Second order derivatives for network pruning: Optimal Brain Surgeon

Part of Advances in Neural Information Processing Systems 5 (NIPS 1992)

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Babak Hassibi, David Stork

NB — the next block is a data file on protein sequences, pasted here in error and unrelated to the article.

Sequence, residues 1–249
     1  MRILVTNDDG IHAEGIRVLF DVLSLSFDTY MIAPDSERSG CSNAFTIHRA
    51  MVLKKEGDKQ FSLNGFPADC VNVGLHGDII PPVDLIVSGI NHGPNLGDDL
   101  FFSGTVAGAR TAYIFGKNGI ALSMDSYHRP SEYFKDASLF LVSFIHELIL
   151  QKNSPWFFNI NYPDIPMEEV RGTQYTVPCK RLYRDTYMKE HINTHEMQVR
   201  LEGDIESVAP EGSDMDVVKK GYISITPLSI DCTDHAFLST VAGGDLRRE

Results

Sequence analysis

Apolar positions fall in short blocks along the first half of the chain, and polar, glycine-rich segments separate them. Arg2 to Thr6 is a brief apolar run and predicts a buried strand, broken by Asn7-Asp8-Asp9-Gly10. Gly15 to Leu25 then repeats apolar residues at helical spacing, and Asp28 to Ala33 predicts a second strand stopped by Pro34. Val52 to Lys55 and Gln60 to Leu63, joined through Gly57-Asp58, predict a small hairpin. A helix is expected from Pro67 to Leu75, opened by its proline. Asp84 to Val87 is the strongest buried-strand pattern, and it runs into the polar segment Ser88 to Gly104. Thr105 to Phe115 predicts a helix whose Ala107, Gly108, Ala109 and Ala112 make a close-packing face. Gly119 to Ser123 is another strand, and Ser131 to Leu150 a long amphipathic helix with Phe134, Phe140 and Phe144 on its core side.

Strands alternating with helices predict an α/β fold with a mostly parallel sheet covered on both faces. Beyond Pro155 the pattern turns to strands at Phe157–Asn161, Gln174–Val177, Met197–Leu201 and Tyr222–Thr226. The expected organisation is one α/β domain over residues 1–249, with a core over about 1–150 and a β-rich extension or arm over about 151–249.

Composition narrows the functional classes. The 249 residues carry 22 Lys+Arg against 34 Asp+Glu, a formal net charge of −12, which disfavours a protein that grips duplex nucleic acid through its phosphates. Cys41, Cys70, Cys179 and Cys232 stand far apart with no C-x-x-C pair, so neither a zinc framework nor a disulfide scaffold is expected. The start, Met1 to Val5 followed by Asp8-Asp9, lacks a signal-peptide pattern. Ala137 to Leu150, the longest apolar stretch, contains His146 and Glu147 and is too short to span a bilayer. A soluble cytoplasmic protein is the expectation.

We investigate the use of information from all second order derivatives of the error function to perfonn network pruning (i.e., removing unimportant weights from a trained network) in order to improve generalization, simplify networks, reduce hardware or storage requirements, increase the speed of further training, and in some cases enable rule extraction. Our method, Optimal Brain Surgeon (OBS), is Significantly better than magnitude-based methods and Optimal Brain Damage [Le Cun, Denker and Sol1a, 1990], which often remove the wrong weights. OBS permits the pruning of more weights than other methods (for the same error on the training set), and thus yields better generalization on test data. Crucial to OBS is a recursion relation for calculating the inverse Hessian matrix H-I from training data and structural information of the net. OBS permits a 90%, a 76%, and a 62% reduction in weights over backpropagation with weighL decay on three benchmark MONK's problems [Thrun et aI., 1991]. Of OBS, Optimal Brain Damage, and magnitude-based methods, only OBS deletes the correct weights from a trained XOR network in every case. Finally, whereas Sejnowski and Rosenberg [1987J used 18,000 weights in their NETtalk network, we used OBS to prune a network to just 1560 weights, yielding better generalization.